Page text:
• Eastern Marsh Harrier – Circus spilonotus
  • Pied Harrier – Circus melanoleucos
  • Rufous-winged Buzzard – Butastur liventer
  • Orange-breasted Trogon – Harpactes oreskios
  • Red-headed Trogon – Harpactes erythrocephalus
  • Great Hornbill – Buceros bicornis
  • Austen’s Brown Hornbill – Anorrhinus austeni
  • Tickell’s Brown Hornbill – Anorrhinus tickelli
  • Oriental Pied Hornbill – Anthracoceros albirostris
  • Wreathed Hornbill – Rhyticeros undulatus
  • Blue-bearded Bee-eater – Nyctyornis athertoni
  • Banded Kingfisher – Lacedo pulchella
  • Stork-billed Kingfisher – Pelargopsis capensis
  • Moustached Barbet – Psilopogon incognitus
  • Heart-spotted Woodpecker – Hemicircus canente
  • Black-and-buff Woodpecker – Meiglyptes jugularis
  • Black-headed Woodpecker – Picus erythropygius
  • Great Slaty Woodpecker – Mulleripicus pulverulentus
  • Collared Falconet – Microhierax caerulescens
  • Black-thighed Falconet – Microheirax fringilarius
  • Blue Pitta – Hydrornis cyaneus
  • Long-tailed Broadbill – Psarisomus dalhousiae
  • Black-and-red Broadbill – Cymbirhynchus macrorhyynchos
  • Silver-breasted Broadbill – Serilophus lunatus
  • Banded Broadbill – Eurylaimus harterti
  • Black-and-yellow Broadbill – Eurylaimus ochromalus
  • Black-eared Shrike Babbler – Pteruthius melanotis
  • Clicking Shrike Babbler – Pteruthius aenobarbus
  • Burmese Shrike – Lanius colluriodes
  • Ratchet-tailed Treepie – Temnurus temnurus
  • Common Green Magpie – Cissa chinensis
  • (White-faced) Eurasian Jay – Garrulus leucotis
  • Sultan Tit – Melanochlora sultanea
  • Indochinese Bushlark – Mirafra erythrocephala
  • Black-browed Reed Warbler – Acrocephalus bistrigiceps
  • Pygmy Cupwing – Pnoepyga pusilla
  • Pallas’s Grasshopper warbler – Locustella certhiola
  • Crested Finchbill – Spizixos canifrons
  • Brown-breasted Bulbul – Pycnonotus xanthorrhous
  • White-headed Bulbul – Cerasophila thompsoni
  • Sulphur-breasted Warbler – Phylloscopus ricketti
  • Slaty-bellied Tesia – Tesia olivea
  • Aberrant Bush Warbler – Horornis flavolivaceus
  • Black-throated Bushtit – Aegithalos concinnus
  • Spot-breasted Parrotbill – Paradoxornis guttaticollis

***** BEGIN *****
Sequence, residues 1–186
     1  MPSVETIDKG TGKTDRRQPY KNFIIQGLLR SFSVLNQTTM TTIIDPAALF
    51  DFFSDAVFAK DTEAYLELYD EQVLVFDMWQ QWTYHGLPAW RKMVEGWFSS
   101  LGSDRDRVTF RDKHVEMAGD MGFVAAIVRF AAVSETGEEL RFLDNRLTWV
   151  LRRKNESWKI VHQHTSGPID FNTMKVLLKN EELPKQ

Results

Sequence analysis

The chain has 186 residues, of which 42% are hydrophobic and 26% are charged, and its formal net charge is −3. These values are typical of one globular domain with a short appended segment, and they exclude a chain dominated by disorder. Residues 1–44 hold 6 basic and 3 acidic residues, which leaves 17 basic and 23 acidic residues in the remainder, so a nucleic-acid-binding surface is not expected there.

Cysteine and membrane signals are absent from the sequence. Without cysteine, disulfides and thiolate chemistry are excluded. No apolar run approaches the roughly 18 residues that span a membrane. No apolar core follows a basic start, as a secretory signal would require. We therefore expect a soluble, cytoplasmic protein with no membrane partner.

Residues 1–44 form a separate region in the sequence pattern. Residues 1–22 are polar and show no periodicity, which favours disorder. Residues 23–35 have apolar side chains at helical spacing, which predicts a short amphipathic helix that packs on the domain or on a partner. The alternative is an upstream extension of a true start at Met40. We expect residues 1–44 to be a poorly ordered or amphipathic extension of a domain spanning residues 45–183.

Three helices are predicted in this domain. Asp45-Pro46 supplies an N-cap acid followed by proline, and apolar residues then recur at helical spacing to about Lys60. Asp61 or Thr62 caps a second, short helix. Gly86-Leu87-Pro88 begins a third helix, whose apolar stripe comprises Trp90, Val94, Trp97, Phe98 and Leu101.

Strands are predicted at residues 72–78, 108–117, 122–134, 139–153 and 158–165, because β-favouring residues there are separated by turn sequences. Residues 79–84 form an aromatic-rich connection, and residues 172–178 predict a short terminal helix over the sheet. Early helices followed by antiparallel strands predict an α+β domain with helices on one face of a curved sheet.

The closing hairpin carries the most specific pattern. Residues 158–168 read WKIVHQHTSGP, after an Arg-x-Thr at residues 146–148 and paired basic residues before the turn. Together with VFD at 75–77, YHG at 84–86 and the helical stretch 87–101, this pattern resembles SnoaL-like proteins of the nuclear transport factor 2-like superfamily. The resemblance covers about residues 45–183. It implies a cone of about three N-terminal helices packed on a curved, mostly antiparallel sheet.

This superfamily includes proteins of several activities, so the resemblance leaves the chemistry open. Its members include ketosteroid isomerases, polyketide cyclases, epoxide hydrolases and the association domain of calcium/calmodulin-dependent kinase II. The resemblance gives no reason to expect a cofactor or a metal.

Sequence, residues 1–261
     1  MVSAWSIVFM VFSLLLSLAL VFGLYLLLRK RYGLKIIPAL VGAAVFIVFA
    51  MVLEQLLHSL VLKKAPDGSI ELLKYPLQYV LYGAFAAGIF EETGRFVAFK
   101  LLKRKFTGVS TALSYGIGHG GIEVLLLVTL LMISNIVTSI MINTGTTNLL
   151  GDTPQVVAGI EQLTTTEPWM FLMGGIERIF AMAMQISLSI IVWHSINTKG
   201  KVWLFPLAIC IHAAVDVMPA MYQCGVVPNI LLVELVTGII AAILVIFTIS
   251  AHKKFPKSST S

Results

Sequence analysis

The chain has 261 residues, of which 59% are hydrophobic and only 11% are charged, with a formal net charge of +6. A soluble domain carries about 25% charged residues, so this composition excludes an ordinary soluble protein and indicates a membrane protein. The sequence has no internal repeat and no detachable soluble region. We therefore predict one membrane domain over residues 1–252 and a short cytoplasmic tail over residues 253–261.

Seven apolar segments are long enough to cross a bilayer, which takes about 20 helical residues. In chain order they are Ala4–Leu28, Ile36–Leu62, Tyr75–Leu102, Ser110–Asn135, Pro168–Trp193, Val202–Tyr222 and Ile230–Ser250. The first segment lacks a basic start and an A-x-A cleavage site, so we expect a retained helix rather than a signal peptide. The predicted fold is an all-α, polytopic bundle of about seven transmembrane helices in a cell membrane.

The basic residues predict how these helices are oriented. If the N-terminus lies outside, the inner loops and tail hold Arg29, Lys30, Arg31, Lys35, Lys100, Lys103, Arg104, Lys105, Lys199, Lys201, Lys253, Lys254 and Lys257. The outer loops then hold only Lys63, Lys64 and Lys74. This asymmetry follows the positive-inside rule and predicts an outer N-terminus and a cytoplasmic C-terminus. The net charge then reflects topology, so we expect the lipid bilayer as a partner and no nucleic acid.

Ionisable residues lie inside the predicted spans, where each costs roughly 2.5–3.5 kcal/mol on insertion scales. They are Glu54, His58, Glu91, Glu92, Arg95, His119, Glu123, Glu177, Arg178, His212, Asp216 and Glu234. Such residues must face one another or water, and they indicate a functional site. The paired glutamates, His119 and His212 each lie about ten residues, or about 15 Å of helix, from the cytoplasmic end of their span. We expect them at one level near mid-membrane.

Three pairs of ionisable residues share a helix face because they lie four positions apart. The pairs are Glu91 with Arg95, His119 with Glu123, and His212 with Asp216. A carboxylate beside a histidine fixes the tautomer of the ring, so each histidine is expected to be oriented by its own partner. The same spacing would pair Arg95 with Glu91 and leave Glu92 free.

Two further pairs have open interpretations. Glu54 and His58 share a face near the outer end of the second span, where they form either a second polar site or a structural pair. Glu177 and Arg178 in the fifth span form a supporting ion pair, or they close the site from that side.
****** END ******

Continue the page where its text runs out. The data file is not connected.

• Grey-headed Parrotbill – Psittiparus gularis
  • Whiskered Yuhina – Yuhina flavicollis
  • Large Scimitar Babbler – Erythrogenys hypocleucos
  • Rusty-cheeked Scimitar Babbler – Erythrogenys erythrogenys
  • Collared Babbler – Gampsorhynchus torquatus
  • Limestone Wren Babbler (Rufous Limestone-babbler) – Napothera crispifrons (calcicola)
  • Himalayan Cutia – Cutia nipalensis
  • Lesser Necklaced Laughingthrush – Garrulax monileger
  • Black-throated Laughingthrush – Garrulax chinensis
  • Greater Necklaced Laughingthrush – Pterorhinus pectoralis
  • Silver-eared Laughingthrush – Trochalopteron melanostigma
  • Silver-eared Mesia – Leiothrix argentauris
  • Scarlet-faced Liocichla – Liocichla ripponi
  • Bar-throated (Chestnut-tailed) Minla – Actinodura strigula
  • Hume’s (Manipur) Treecreeper – Certhia manipurensis
  • Giant Nuthatch – Sitta magna
  • Dark-sided Thrush – Zoothera marginata
  • Black-breasted Thrush – Turdus dissimilis
  • Eyebrowed Thrush – Turdus obscurus
  • Grey-sided Thrush – Turdus feae
  • Small Niltava – Niltava macgrigoriae
  • Large Niltava – Niltava grandis
  • White-gorgetted Flycatcher – Anthipes monileger
  • Himalayan Shortwing – Brachypteryx cruralis
  • Siberian Blue Robin – Larvivora cyane
  • (Red-spotted) Bluethroat – Cyanecula svecica (svecica)
  • Siberian Rubythroat – Calliope calliope
  • White-tailed Robin – Myiomela leucura
  • Himalayan Bluetail – Tarsiger rufilatus
  • Slaty-backed Forktail – Enicurus schistaceus
  • Black-backed Forktail – Enicurus immaculatus
  • White-crowned Forktail – Enicurus leschenaulti
  • Rufous-gorgetted Flycatcher – Ficedula strophiata
  • Ultramarine Flycatcher – Ficedula superciliaris
  • White-capped Water Redstart – Phoenicurus leucocephalus
  • (Cambodian) Fire-breasted Flowerpecker – Dicaeum ignipectus (cambodianum)
  • Van Hasselt’s (Maroon-breasted) Flowerpecker – Leptocoma brasiliana
  • (Doi Inthanon) Green-tailed Sunbird – Aethopyga nipalensis angkanensis
  • Asian Golden Weaver – Ploceus hypoxanthus
  • Spot-winged Grosbeak – Mycerobas melanozanthos
  • Yellow-breasted Bunting – Emberiza aureola

The map below details the main birdwatching sites that we visit on this Thailand birding tour.

1. Muang Sam Ma

5. Chiang Saen

9. Wat PraPhuttabaht Noi

13. Kaeng Krachan National Park

2. Doi Lang West

6. Fang Hot Springs

10. Khao Yai National Park

3. Doi Lang East

7. Doi Ang Kang

11. Petchaburi Rice Fields

4. Thatorn Rice Fields

8. Doi Inthanon

12. Pak Thale/Laem Pak Bia

The following is a selection of birds photographed in Thailand at sites that we will visit on this tour.

All above photographs copyright Nick Upton/Calidris Birding Tours.

Tour Details

Tour Cost: £4695 per person

Single Supplement: £700

Included in the tour cost: All transport including airport transfers, road tolls, national park entry fees, accommodation including on the night before commencement of the tour and on the final night, hide fees, all meals, bottled water, boat trip, services of English-speaking birding guide and Calidris Birding Tours guide.